Everybody knows that the terms and the distinction between them were introduced by Van Wyck Brooks, but what is not so widely appreciated is that he introduced them in the service of the Left. The “lyrical Left,” to be specific; America’s first Left, according to the historian John Patrick Diggins. Its intellectual spokesman was Randolph Bourne, creator of the American antiwar movement; its political leader, Eugene V. Debs. Brooks was an undependable Leftist for whom organized politics was secondary, although he pioneered the attitude that was summarized in the later Leftist slogan the Personal Is Political:
For Brooks, that middle was situated between highbrow and lowbrow culture, an antithesis (or what would now be called a binary opposition) that he saw as uniquely American:
But the middle culture, when it finally emerged, was not exactly what had been dreamed of by the lyrical Left. It was instead what Dwight Macdonald called a “middlebrow compromise,” a “peculiar hybrid” that resulted from mass culture’s “unnatural intercourse” with high culture:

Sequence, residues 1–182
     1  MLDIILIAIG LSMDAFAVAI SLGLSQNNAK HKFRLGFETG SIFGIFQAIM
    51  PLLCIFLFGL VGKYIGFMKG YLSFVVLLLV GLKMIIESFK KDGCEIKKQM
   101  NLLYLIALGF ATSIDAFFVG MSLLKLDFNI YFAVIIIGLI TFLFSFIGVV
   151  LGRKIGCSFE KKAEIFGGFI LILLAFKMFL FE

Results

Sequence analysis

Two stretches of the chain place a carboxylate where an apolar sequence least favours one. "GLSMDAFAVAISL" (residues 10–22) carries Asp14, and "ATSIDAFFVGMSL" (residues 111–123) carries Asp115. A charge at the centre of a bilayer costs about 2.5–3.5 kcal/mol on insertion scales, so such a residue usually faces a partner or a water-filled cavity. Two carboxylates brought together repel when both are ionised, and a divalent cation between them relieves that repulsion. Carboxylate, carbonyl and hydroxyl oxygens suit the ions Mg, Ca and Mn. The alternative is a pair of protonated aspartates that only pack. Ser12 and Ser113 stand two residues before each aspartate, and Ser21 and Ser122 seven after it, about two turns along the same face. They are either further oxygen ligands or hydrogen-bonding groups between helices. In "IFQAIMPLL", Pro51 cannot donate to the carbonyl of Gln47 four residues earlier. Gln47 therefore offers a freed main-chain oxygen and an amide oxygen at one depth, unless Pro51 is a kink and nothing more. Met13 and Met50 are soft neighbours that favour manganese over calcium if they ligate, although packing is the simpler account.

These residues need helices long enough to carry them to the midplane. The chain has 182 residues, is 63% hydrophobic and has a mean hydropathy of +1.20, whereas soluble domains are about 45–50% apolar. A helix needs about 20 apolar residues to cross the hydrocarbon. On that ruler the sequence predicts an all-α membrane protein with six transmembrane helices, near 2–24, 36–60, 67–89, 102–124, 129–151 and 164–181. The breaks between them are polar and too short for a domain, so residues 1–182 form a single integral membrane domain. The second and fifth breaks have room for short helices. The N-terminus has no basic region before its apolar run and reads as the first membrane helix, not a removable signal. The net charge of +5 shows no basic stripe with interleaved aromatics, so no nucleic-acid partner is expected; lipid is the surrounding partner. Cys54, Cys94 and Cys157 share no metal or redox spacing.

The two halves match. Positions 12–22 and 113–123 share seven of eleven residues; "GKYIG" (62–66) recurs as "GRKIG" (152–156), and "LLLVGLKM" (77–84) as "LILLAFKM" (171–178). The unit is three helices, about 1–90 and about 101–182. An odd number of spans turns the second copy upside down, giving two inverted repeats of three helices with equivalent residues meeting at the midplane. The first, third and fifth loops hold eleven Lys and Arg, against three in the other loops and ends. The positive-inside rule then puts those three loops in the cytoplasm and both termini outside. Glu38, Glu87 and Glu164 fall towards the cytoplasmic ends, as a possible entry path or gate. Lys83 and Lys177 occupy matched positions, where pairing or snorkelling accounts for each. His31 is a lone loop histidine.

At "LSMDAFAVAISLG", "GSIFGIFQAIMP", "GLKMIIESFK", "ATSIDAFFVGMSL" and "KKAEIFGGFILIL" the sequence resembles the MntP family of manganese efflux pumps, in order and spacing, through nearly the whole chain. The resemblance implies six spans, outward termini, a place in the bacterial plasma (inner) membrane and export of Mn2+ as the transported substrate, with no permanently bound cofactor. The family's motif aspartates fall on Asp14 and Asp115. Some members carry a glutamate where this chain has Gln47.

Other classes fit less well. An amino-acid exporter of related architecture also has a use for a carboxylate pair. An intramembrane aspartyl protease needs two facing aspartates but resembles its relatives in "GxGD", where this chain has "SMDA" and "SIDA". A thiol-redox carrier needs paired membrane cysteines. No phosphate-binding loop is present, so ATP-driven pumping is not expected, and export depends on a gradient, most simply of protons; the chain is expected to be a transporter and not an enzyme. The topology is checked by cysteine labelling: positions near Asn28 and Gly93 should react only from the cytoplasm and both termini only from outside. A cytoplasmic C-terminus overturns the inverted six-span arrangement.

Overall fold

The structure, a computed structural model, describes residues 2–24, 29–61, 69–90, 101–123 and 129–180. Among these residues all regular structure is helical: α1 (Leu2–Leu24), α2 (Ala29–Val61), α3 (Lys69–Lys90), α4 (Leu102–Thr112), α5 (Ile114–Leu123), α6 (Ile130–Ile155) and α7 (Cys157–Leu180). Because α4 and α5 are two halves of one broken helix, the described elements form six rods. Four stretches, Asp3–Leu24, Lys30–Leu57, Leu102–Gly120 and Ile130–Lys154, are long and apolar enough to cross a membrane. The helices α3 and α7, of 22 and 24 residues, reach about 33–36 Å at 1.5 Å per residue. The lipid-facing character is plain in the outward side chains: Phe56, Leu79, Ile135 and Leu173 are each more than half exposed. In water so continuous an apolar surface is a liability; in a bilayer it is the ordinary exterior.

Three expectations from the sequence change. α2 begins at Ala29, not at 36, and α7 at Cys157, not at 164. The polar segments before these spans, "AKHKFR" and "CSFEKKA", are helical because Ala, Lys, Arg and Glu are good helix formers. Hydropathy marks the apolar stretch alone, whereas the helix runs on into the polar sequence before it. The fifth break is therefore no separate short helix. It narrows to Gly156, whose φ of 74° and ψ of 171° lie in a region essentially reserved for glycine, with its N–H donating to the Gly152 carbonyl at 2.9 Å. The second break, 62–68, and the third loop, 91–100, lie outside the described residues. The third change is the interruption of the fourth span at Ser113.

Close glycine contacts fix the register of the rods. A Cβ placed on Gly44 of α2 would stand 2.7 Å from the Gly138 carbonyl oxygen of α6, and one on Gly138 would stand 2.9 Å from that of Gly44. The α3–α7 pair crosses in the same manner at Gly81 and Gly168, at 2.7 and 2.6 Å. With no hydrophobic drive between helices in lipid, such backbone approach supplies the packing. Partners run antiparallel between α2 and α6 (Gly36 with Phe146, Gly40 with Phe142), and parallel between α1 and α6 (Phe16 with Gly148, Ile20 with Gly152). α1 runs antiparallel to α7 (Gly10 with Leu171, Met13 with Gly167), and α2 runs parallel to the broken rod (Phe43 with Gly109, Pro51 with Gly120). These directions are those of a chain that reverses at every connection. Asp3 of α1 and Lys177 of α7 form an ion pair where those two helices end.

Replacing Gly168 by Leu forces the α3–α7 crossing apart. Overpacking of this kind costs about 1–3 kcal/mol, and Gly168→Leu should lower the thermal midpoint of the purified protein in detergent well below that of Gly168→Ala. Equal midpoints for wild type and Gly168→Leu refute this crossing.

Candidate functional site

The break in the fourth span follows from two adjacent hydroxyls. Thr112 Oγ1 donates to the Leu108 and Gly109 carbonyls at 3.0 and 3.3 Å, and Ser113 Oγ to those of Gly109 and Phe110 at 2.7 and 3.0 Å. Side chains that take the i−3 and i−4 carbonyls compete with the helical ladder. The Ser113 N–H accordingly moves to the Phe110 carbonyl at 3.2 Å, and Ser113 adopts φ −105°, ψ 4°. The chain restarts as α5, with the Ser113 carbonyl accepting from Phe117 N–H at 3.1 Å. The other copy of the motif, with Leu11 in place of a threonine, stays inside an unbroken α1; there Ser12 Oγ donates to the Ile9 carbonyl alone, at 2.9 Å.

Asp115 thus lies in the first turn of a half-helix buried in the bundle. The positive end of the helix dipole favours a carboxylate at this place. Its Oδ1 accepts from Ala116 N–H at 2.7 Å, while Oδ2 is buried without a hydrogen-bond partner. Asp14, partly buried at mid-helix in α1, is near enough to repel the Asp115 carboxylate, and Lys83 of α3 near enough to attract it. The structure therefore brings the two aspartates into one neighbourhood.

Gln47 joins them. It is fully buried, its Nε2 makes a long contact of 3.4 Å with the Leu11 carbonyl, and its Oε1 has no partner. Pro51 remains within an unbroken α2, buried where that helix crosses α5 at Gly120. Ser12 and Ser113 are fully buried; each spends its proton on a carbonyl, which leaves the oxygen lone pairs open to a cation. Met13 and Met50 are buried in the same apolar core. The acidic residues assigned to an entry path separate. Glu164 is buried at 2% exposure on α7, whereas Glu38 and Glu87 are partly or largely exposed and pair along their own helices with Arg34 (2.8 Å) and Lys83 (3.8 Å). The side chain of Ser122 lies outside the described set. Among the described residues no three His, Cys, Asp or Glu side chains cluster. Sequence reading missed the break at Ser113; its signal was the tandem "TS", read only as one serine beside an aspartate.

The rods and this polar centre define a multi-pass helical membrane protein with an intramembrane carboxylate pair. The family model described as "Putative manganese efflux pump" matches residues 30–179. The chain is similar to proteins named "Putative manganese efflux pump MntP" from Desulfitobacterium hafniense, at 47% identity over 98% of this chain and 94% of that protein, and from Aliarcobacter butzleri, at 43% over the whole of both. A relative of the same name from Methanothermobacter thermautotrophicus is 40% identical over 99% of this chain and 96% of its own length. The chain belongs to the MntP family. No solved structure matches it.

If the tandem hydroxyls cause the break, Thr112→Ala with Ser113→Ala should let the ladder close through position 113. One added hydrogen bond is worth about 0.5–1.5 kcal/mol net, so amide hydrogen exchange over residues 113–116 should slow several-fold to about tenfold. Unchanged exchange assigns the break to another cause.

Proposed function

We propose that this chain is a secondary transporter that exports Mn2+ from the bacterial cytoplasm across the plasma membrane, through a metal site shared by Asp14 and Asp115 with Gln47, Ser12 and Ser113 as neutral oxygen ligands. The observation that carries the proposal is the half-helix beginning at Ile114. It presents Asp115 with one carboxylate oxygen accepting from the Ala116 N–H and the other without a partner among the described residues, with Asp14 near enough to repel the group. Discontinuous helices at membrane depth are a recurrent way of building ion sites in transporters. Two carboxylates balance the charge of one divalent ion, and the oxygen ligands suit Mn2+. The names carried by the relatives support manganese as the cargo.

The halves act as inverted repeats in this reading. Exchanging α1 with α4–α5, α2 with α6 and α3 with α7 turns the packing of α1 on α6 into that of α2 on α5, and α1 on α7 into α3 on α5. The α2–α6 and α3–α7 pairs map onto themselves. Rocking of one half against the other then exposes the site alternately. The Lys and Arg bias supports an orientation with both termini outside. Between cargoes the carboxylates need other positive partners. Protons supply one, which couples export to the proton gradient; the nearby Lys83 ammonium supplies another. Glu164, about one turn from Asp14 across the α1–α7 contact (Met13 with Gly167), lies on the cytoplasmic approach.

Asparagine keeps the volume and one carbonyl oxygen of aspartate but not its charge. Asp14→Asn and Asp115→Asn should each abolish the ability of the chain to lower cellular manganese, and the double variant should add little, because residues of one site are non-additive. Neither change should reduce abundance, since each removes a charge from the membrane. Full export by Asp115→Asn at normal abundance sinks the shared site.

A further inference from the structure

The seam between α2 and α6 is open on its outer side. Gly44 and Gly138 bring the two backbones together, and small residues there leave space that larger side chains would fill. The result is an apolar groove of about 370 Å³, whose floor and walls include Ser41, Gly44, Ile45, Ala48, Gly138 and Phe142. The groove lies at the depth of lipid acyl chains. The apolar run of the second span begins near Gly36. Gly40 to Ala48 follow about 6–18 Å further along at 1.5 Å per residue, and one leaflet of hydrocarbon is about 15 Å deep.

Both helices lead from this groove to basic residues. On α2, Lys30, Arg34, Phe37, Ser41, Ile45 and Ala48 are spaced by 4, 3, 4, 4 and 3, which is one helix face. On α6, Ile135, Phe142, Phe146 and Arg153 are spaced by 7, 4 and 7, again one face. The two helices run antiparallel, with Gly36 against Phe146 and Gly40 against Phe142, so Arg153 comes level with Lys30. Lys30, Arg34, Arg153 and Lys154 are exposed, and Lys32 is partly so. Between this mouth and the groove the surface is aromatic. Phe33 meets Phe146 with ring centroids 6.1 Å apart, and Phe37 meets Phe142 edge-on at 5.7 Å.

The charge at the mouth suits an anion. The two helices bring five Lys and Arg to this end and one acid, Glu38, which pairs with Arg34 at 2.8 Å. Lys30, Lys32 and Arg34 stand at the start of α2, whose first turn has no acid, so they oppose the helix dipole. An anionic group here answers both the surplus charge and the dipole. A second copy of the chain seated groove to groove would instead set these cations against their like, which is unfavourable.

But a large portion of “serious” contemporary fiction is also written out of the middlebrown compromise. Much of what passes for “genre-bending and stylistic play,” to adopt Michael Chabon’s phrase for it, is little more than the attempt to be simultaneously ordinary and refined. In Thomas Pynchon’s Inherent Vice, for example, a sensibility and technique that were once considered avant garde are placed in the service of the vaguely Leftist project of unmasking the system of the real relations which govern the existence of individuals:
How, then? Macdonald found promise in the very fragmentation of the literary marketplace to which I drew attention the other day. After the Second World War, he pointed out, it was discovered that
 Van Wyck Brooks, “Highbrow and Lowbrow,” Forum 53 (April 1915): 481–92.
 Dwight Macdonald, “Masscult and Midcult,” in Against the American Grain (New York: Random House, 1962), p. 37. Subsequent reference in parentheses.